MARTIN: So how are you seeing that?

BERGMANN: So you're seeing that with the amount of people retiring, the amount of people leaving. The...

MARTIN: These are people who presumably wouldn't have left otherwise?

BERGMANN: Yes, and so there's people being effectively forced out. Their retirement dates have been been moved up. There's a total block on all hiring even if you have open slots.

MARTIN: So shrinking the workforce, though, that sounds like - to a typical American, you know, when you think about bloated federal bureaucracies...


MARTIN: ...And what President Trump promised he would do, to shrink the federal bureaucracy.


MARTIN: It sounds like a promise he's just keeping.

BERGMANN: Look, there's no doubt that any large, sprawling organization could always use a reorg and a rethink. And the State Department is no different. But what is happening is that they've come in with - setting a clear target of one third of the department will be cut. They're going to lose at least 2,000 employees. And I think anyone who works at any organization, if you just took away one third of that organization, it would severely hamper it.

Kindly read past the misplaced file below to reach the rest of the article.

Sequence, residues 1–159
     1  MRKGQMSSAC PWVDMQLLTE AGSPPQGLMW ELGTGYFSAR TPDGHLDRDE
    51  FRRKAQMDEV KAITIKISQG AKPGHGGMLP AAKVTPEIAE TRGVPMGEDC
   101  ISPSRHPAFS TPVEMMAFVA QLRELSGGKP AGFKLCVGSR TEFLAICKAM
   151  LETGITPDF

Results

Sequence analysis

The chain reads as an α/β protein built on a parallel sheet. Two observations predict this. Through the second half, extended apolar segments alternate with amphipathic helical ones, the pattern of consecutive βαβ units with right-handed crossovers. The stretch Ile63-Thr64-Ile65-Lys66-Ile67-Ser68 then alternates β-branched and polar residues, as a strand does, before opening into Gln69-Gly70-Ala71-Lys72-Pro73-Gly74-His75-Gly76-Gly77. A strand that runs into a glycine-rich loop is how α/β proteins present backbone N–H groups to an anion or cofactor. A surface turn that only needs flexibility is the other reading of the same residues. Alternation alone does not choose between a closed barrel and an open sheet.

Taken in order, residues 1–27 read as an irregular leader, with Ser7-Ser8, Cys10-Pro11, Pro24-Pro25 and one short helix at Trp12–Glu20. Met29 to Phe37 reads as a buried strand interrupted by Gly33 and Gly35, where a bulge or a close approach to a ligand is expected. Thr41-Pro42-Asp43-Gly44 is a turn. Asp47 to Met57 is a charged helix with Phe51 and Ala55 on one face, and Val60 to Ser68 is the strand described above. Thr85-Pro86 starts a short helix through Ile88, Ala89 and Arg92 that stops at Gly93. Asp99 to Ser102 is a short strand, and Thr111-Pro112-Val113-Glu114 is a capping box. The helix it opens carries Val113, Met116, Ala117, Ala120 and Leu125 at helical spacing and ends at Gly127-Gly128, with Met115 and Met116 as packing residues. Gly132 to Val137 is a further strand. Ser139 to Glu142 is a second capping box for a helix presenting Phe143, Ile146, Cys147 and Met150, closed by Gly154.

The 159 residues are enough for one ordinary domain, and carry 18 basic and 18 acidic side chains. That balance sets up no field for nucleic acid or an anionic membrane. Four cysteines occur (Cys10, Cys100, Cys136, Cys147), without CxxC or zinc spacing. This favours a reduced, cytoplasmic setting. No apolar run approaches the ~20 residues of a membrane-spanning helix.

And this also comes after six years of the State Department being - operating under an austerity budget. People think the State Department grew rapidly under Obama years. But it's just not true - that with Congress - with the Republican-controlled Congress, there was the Budget Control Act. And for six years, the State Department has been sort of chafing under that and has been struggling to meet a lot of the missions that have come about, with all that is happening in the world.